National Gem and Mineral Collection
The Smithsonian Institution mineral and gem collection consists of approximately 350,000 mineral specimens and 10,000 gems, making it one of the largest of its kind in the world. The collection is used for scientific research, education programs, and public exhibitions. Every year hundreds of specimens are loaned to scientists around the world for research projects in geology, materials science, health, chemistry, physics, etc.
The collection traces its origins to the minerals that were bequeathed by James Smithson, along with the money to establish the Smithsonian Institution, over 150 years ago. Unfortunately, the Smithson collection was destroyed in a tragic fire in 1865, but the gem and mineral collection has grown ever since. The collection adds specimens in many ways: gifts, purchases using private endowments established for that purpose, field collection, and rarely by exchange. In particular, the gem collection has been built almost entirely with gifts from individuals. Continuing acquisitions of minerals and gems enhance the public’s awareness and understanding of the Earth’s basic building blocks, and expand a scientific research collection that will be used in perpetuity. A variety of spectacular specimens from the national collection can be seen online in our Gem and Mineral Galleries.
Meteorites provide invaluable clues to the origin and evolution of our Solar System, and meteorite scientists are almost completely dependent on a small number of major meteorite collections for research materials. The U.S. National Meteorite Collection, housed in the Deptartment of Mineral Sciences at the National Museum of Natural History, is one the largest and one of the best museum-based collections of meteorites in the world.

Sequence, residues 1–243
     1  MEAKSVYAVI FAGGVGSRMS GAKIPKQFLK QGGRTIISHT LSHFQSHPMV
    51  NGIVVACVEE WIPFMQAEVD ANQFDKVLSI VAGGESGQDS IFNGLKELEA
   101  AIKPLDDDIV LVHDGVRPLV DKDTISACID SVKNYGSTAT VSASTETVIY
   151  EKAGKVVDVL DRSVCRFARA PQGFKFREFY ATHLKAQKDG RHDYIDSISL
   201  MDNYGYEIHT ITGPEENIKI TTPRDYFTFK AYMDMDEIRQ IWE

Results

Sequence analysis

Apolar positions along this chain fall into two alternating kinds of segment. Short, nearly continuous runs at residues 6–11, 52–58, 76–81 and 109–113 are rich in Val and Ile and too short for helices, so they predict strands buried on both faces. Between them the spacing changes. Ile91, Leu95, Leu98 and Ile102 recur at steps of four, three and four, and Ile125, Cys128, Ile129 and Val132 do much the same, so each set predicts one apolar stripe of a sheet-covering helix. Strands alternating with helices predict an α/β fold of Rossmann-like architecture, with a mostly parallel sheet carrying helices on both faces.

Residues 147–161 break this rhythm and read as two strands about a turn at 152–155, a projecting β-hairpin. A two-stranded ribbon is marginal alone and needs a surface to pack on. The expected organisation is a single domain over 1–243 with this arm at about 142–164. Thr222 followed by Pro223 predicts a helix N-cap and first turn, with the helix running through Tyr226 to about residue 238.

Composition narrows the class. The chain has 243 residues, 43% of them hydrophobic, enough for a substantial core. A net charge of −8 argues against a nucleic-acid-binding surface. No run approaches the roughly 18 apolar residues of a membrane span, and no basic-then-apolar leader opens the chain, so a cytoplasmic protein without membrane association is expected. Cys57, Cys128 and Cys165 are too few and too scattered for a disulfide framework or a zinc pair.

James Smithson, who donated the funds for the founding of the Smithsonian Institution, was a chemist and mineralogist by training and his original collection included meteorites. Regrettably, these samples were lost in an early fire. The modern meteorite collection began in 1870 and now numbers more than 45,000 specimens of more than 16,850+ distinct meteorites. In addition, the National Collection houses almost 10,000 polished thin sections - thin wafers of rock mounted on glass and used for studying the mineralogy and texture of the rocks. These meteorites are available for study by qualified scientific investigators.
While the collection contains pieces of every type of meteorite, it is particularly strong in iron meteorites. We also have 9 of the 50+ known Martian meteorites. Many of our best specimens are on exhibit in the Moon, Meteorites and Solar System Gallery of the Geology, Gems and Minerals Hall. A selection of meteorites from the collection can also be seen online in our Meteorite Gallery.
The National Rock and Ore Collections are divided into subcollections, and the specimens within each are indexed and retrievable by lithology, locality, museum catalog number, metal/commodity, or volcano name when appropriate, and many are retrievable by original field number and donor name. Many are mentioned specifically in publications, have thin sections available, and/or include a chemical analysis in the database. Because the collection is always expanding, the subcollection number estimates are subject to change.
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